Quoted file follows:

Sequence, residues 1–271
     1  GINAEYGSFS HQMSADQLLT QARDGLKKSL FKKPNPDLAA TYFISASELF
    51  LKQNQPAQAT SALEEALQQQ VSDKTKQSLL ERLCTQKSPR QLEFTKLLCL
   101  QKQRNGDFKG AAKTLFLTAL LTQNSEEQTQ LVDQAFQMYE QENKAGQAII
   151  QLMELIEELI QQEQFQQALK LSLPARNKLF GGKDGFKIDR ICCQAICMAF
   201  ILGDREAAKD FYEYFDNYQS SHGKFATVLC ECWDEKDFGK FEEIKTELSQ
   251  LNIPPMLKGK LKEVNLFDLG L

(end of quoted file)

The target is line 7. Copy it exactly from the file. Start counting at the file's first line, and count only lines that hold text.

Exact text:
   251  LNIPPMLKGK LKEVNLFDLG L